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Read Making a Killing

home / healthcare / press releases

NEWS RELEASE
Mar 11, 2003


CONTACT: Carmen Balber - 310-392-0522 x324

CA Insurance Regulation, Not Failed Malpractice Caps, Should Be Model for Oregon Reform

Caps Keep Infants, Women, Seniors, Low-Income Victims From Finding Attorneys
Salem, OR -- A new study shows that California medical malpractice premiums rose 450% in the thirteen years following passage of a cap on victim compensation, and decreased 2% in the thirteen years after enactment of insurance rate regulation, according to testimony today by the California-based Foundation for Taxpayer and Consumer Rights (FTCR). The group presented industry data showing that California's Proposition 103, a 1988 voter-approved insurance reform initiative, and not the state's malpractice caps law -- known as the Medical Injury Compensation Reform Act of 1975, or MICRA -- lowered malpractice premiums for physicians in that state.

"The data clearly show that malpractice caps do not save doctors money," said Harvey Rosenfield, FTCR president and author of Proposition 103. "Only when Californians enacted insurance reform that mandated lower rates and regulated insurance companies did physicians see relief from high rates. Lawmakers looking to California as a model for malpractice insurance reform must understand that regulation worked and liability caps did not."

Rosenfield also demonstrated that the California damage cap makes it unlikely for victims with low economic damages to find an attorney to represent them, no matter how egregious the malpractice. For instance, women who lose their fertility, low-income patients with lost limbs, or infants who die because of medical mistakes, can show no wage loss or medical bills for their injuries. The non-economic damage cap denies these victims their day in court.

The situation stirred well-known insurance defense attorney Robert Baker, who defended malpractice suits for more than twenty years, to testify to Congress about the problem in 1994. Baker's statement can be found on FTCR's website.

According to the FTCR study, available online:
  • By 1988, thirteen years after the passage of MICRA, California medical malpractice premiums had reached an all-time high -- 450% higher than in 1975, when MICRA was enacted;
  • Premiums dropped 20.2% during the first three years in which insurance reform Proposition 103 was in effect. The law mandated that rates be immediately rolled back 20%;
  • Insurance rates were frozen for four years;
  • Medical malpractice insurers refunded over $135 million to policyholders as a result of Proposition 103. By 1992, three of the state's largest medical malpractice insurance companies -- Norcal Mutual, SCPIE and The Doctors' Company -- had returned more than $69 million directly to physicians;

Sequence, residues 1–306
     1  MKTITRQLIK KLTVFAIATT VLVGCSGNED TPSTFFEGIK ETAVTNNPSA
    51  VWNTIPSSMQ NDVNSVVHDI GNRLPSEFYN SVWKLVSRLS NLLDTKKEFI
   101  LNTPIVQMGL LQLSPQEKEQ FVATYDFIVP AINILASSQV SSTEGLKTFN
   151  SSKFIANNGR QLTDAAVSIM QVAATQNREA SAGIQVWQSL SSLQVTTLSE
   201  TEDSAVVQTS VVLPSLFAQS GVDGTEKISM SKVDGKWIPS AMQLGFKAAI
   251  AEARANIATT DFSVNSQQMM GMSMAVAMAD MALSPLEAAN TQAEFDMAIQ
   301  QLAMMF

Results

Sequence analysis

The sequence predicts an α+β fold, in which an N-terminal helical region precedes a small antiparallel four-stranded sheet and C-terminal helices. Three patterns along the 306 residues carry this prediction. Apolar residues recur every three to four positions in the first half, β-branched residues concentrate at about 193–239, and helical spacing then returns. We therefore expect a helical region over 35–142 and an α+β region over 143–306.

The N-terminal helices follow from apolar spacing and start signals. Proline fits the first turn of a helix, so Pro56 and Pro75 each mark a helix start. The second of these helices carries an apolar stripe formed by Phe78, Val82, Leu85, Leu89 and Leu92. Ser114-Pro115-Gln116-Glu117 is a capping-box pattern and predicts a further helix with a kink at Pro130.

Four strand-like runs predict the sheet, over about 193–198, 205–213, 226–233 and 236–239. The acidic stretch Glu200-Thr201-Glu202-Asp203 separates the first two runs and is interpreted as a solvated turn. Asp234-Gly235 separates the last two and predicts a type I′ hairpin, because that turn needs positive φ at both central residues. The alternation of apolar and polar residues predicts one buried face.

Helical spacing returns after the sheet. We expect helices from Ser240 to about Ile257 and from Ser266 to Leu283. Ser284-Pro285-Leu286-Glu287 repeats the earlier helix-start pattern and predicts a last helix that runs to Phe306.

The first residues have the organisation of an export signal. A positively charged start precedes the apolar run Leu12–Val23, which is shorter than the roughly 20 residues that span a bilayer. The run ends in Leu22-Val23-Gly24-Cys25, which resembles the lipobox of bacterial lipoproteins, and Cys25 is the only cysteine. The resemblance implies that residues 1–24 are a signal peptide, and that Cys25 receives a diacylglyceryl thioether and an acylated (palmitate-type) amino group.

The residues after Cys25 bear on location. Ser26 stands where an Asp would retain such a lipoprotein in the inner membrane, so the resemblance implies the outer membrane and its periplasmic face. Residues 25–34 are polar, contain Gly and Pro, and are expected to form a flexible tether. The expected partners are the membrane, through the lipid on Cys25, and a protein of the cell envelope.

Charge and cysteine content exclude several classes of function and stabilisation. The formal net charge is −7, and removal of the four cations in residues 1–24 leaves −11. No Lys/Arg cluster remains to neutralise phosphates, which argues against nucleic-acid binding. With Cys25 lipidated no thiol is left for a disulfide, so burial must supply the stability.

• During the first twelve years of the malpractice caps in California, insurers spent less than 32 cents of every premium dollar compensating victims and more than 68 cents of every premium dollar on other costs such as overhead, profit and insurance defense lawyers;
  • In California, medical malpractice insurance companies spend 35% of premiums fighting claims, as compared to the national average of 21%.


Rosenfield later testified at a hearing of the House Committee on Judiciary where he detailed evidence in the report which disproves claims made to the committee Monday by the Oregon Medical Association that malpractice caps will lower doctors' premiums.

"Limits on insurer profiteering, not the rights and compensation of innocent victims, are what have kept malpractice premiums stable for California doctors," said Rosenfield. "Regulatory cops, not arbitrary caps, will bring down malpractice premiums in Florida."

In addition to the data analyzed, the report includes California Department of Insurance news releases proving that Proposition 103 directly refunded millions of dollars to doctors. Insurance industry and doctors' lobbyists have told lawmakers in some states that Proposition 103 did not apply to medical malpractice insurance.

The report also finds that during much of the 1980s medical malpractice premiums in California generally tracked national insurance premiums, and skyrocketed 47% between 1985 (when the malpractice caps law was upheld by the California Supreme Court) and 1988. The data clearly show that malpractice caps did not reduce rates.

The original California Department of Insurance press releases announcing refunds by medical malpractice insurers can be downloaded here.

News articles describing the rate freeze imposed on all California property and casualty insurers, including medical malpractice insurers, can be downloaded here.




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